Home' Australian Pharmacist : Australian Pharmacist July 2012 Contents 576 Australian Pharmacist July 2012 I ©Pharmaceutical Society of Australia Ltd.
The articles in this series are independently researched and compiled by PSA commissioned authors and peer reviewed.
Much of the attention turned to studying
natural and modified polysaccharides
with a GRAS status which are substrates
for the bacterial enzymes, and resistant
to digestion by human GIT enzymes.
While promising, polysaccharides have
been criticised for their high water solubility
as it makes them unreliable for delivery
to the lower parts of the GIT (e.g. the
colon).17,21 Additionally, characteristics
observed during in vitro studies could not
be translated into practical applications. For
instance, a polysaccharide may be highly
susceptible to degradation by bacterial
enzymes, but when used in a practical
application (e.g. as a tablet coating),
the polysaccharide was found to be
unexpectedly resistant to bacterial enzyme
degradation.21 Nevertheless, the continuing
work on polysaccharides has further shown
that a delivery system which targets the
microorganisms of the large intestine holds
promise as a reliable colon targeted drug
Following from polysaccharides, there
has been increasing interest in the use of
proteins as a drug delivery system, as they
too can be naturally occurring and have a
designated GRAS status. One protein which
has been the subject of research is zein – a
storage protein extracted from corn.29
Zein protein is extracted as a co-product
of starch processing, and is expected
to become more readily available with
increased demands for corn starch in the
food and pharmaceutical industries; and as
a by-product from biofuel production.29,30
In the pharmaceutical industry, zein
is one of the natural polymers which
has been investigated for its potential
as an orally delivered controlled- or
sustained-release delivery system due to a
resistance to digestion in the stomach.31,32
Example applications include use as an
excipient in tablet formulations,33 and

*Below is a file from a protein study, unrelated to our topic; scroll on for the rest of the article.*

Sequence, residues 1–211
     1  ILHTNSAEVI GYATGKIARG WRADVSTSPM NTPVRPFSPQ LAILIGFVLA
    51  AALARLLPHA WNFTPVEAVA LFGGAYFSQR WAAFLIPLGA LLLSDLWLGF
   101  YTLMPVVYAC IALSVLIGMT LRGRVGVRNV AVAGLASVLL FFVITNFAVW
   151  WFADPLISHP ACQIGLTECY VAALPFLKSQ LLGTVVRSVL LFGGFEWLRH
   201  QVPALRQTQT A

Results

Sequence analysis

formulating zein nano- or micro-particles
to encapsulate bioactive agents.34,35
Other options explored include using
zein as a sustained-release reservoir
of medications in coronary stents,36
and to formulate an injection with
sustained-release properties for animals.32
In light of the potential barriers an oral
delivery system will encounter along the
GIT, GRAS substances (such as naturally
occurring proteins) that are relatively
indigestible by human digestive enzymes,
and are susceptible to breakdown
by the microbes residing in the large
intestine could potentially be useful as
an oral delivery system that targets the
IBD is a severe chronic condition which
represents a large burden of disease and
cost to the economy through treatment
costs and productivity loss, and can be
extremely debilitating and impact poorly
on quality of life.4 A report commissioned
by the Australian Crohn’s and Colitis
Association projected that compared to
2005, by 2020, approximately 33,500 people
will be affected by CD (20% increase),
and over 41,000 with UC (25% increase).4
Pharmacists are often the first point of
call for patients and since the number of
people affected by IBD is anticipated to rise,
pharmacists are well placed to help provide
information, support and reassurance.
While patients wait for the silver bullet that
will ‘cure’ IBD, more effective and targeted
delivery of existing therapies will aid in the
quality use of medicines, and may improve
existing treatment options.
1. Rogers S, ed. Therapeutic guidelines: gastrointestinal. 5th ed.
Victoria (AUS): Therapeutic Guidelines; 2011.
2. Morrison G, Headon B, Gibson P. Update in inflammatory bowel
disease. AFP. 2009;38(12):956–61.
3. Wallace JL, Sharkey KA. Pharmacotherapy of inflammatory bowel
disease. In: Brunton LL, Chabner BA, Knollmann BC, editors.
Goodman & Gilman’s The pharmacological basis of therapeutics.
12 ed. New York: McGraw-Hill; 2011.
4. Access Economics, Australian Crohn’s and Colitis Association. The